The teaching of art at Mount Allison can be traced back to the opening of the Women's Academy in 1854. It has been an important part of the curriculum since that time.
In 1941 Mount Allison was the first university in Canada to give a BFA degree in the visual arts.
At a Glance
At Mount Allison, Fine Arts offers a unique approach for students looking to obtain professional training — combining studio work and instruction with the freedom of an immersive liberal arts and sciences curriculum.
The Fine Arts program gives you the opportunity to develop your creative and critical ability through studio courses in:
- photography (analog and digital)
- printmaking (lithography, silkscreen, intaglio, relief, and letterpress)
- sculpture and installation
- open media
The first year studio courses give you a broad knowledge and skill base. Second and third year courses build on this foundation and focus on selected studio areas.
In your final year, you create a body of work through independent study.
In addition to studio classes, you'll undertake courses and seminars that foster an understanding of art history and visual culture.
The new Pierre Lassonde School of Fine Arts at Mount Allison builds on the Fine Arts program's long-standing history of arts education and artistic practice.
The Lassonde School complements new learning, scholarship, and arts initiatives designed to enrich the student-artist experience at Mount Allison, including:
At Mount Allison, there are different levels of Fine Arts depending on your interests, skills, and career goals.
Bachelor of Fine Arts (BFA)
The Bachelor of Fine Arts is primarily intended to develop creative ability in drawing, painting, photography, printmaking and sculpture.
The major part of the program consists of studio work, and includes instruction in the principles of design and the use of various media.
In addition to the studio classes, illustrated lectures and seminar courses in art history are designed to improve your artistic judgement and assist in acquiring an ability to write and speak about works of art.
A BFA degree (120 credits) includes:
- Fine Arts (72 credits)
- Art History (24 credits)
- Electives (24 credits)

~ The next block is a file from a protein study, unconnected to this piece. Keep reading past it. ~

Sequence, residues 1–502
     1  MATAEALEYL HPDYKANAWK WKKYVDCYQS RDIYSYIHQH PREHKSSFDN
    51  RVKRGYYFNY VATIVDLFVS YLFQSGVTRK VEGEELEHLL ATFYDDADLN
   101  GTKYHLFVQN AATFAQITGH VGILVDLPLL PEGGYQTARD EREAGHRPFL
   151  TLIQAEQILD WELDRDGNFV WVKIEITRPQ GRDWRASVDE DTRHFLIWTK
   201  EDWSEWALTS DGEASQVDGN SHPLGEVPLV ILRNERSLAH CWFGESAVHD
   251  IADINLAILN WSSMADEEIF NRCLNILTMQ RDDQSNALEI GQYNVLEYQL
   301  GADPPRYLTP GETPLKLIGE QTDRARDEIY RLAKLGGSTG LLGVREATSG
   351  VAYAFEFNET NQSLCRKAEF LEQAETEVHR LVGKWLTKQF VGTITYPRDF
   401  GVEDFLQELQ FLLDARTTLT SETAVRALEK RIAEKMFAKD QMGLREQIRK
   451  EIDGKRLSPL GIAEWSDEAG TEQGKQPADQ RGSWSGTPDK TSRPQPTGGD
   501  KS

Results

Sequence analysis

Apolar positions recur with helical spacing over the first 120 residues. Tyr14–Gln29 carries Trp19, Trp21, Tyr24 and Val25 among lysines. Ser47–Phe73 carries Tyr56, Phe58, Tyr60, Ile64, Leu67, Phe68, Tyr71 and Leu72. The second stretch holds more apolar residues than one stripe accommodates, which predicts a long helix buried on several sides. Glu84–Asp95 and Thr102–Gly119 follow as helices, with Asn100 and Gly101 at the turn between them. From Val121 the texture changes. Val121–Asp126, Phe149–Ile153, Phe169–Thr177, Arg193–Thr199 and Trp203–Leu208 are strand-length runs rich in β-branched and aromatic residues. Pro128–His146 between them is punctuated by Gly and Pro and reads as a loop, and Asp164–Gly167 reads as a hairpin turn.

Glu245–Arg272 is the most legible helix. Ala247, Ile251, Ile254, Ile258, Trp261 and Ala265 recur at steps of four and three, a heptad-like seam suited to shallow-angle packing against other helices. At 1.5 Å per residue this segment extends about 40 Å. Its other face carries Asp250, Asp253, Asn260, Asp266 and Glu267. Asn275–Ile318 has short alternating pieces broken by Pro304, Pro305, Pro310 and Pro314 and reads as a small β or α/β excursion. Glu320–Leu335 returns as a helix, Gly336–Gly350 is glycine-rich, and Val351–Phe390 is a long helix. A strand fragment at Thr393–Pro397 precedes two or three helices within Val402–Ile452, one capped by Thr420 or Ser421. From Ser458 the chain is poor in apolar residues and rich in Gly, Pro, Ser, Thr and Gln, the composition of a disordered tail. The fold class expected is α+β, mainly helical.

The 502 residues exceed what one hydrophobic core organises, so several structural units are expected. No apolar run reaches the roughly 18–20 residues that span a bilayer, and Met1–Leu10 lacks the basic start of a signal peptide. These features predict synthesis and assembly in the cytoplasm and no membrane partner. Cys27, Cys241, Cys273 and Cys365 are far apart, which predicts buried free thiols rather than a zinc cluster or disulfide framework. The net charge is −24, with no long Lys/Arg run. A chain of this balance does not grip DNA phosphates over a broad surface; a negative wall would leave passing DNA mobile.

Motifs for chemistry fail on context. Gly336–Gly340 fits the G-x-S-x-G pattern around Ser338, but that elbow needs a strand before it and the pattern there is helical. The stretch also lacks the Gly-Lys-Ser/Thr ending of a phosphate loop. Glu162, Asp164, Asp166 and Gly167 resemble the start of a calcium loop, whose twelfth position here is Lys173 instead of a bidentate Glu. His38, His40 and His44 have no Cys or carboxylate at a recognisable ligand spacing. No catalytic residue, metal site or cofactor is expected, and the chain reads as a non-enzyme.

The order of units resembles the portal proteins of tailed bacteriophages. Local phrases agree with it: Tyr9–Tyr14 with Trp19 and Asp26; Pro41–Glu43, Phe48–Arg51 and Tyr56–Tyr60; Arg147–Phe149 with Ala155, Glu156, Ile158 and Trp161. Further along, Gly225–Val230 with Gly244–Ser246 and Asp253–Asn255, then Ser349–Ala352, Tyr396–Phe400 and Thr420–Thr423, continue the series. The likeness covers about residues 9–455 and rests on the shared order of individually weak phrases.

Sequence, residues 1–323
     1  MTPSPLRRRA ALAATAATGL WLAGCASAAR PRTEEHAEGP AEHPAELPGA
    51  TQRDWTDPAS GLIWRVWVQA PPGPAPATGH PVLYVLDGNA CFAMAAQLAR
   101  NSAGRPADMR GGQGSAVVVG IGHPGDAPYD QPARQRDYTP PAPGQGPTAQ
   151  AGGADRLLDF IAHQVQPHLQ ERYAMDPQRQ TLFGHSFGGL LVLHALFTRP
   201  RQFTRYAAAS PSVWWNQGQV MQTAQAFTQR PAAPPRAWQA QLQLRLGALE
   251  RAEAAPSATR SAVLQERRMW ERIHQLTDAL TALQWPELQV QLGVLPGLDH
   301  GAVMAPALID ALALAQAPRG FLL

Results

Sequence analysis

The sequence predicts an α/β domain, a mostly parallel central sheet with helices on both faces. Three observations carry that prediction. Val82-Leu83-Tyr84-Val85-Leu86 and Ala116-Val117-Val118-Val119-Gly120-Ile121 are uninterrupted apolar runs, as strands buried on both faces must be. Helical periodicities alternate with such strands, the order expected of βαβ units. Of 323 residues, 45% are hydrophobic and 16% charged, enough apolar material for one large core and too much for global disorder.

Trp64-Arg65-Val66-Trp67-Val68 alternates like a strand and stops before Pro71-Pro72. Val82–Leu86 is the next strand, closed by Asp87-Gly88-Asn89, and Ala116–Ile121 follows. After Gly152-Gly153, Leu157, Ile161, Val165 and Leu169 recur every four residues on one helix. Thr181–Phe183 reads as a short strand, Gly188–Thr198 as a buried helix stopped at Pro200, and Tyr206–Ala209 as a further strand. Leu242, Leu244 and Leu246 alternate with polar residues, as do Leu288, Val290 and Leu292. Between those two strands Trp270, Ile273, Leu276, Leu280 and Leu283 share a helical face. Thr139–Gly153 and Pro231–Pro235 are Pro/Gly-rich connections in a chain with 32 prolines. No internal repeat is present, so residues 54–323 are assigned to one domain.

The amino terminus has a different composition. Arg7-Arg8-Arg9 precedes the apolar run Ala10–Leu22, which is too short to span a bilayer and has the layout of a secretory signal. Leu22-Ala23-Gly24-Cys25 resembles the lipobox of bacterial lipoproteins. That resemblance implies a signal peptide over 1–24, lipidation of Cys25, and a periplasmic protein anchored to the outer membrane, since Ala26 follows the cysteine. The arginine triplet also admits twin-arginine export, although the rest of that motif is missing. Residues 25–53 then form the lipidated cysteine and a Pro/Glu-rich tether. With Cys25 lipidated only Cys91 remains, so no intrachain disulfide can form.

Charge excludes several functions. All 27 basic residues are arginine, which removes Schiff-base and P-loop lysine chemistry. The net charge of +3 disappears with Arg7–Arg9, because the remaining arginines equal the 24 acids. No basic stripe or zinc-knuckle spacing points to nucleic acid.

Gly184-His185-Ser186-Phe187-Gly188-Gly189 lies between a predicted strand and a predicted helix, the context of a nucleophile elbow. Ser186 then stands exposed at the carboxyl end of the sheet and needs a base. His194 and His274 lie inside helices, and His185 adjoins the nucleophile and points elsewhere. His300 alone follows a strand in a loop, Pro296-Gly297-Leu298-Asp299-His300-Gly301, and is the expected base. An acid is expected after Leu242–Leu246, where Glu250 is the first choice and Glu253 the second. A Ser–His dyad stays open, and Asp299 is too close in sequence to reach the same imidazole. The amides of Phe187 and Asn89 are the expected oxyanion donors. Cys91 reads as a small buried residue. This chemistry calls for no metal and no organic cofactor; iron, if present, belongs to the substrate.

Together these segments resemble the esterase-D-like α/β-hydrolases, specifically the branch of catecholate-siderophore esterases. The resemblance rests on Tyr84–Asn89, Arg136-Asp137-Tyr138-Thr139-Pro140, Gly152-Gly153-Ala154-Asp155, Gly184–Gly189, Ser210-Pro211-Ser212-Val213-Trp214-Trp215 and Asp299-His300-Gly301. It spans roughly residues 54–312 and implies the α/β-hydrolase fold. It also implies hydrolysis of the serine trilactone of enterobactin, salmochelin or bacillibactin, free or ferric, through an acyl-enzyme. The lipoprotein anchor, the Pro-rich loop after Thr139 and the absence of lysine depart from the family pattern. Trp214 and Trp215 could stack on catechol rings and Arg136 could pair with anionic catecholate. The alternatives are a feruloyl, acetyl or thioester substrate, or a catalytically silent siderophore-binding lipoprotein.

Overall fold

Bachelor of Arts (BA) in Fine Arts
A Bachelor of Arts student with a major in Fine Arts, you'll also take a combination of studio work and art history.
As a BA student, you'll have more flexibility to combine your Fine Arts courses with courses in other disciplines.
A BA Fine Arts (120 credits) includes:
- Fine Arts (60 credits)
- Any minor (24 credits)
- Electives, distribution credits (36 credits)
Minor in Fine Arts
Fine Arts is also available as a minor (24 credits), consisting of mostly studio work. Minors can be combined with any degree.
Courses open to all students
Some first-year Fine Arts courses are open to students from other degree programs, depending on available space, and with written permission of the department.
FINA 1101 — Fundamentals of Drawing I
This course will introduce the student to drawing as a common language of expression in the visual arts. A variety of drawing media will be used.
FINA 1941 — Examining Studio Practices
This course examines elements and conditions of what constitutes a studio art practice, to ground first year fine arts students' understanding of studio-based education within a contemporary cultural context.
FINA 2211 — Lithography
This course introduces lithography printmaking techniques.
FINA 2401 — Sculpture I
This course addresses the basic sculptural practices through a variety of sculptural traditions, including wire, wood, mesh, scavenged or natural materials and clay.
FINA 3501 — Intermediate Photography I
This course covers the use of medium and large format cameras in the context of landscape and studio work, through use of colour and black and white materials.
FINA 4821 — Advanced Independent Studio I
This course requires that students create studio work independently while working with one faculty advisor thereby meeting a student's needs for critical feedback in a singe medium or in various media.
FINH 2101 — Introduction to Art History
This course provides a chronological introduction to the history of Western art from the early Renaissance to the present day. It explores critically the major movements that shaped art throughout these periods.
FINH 3021 — Canadian Art from its Beginning to the 1960s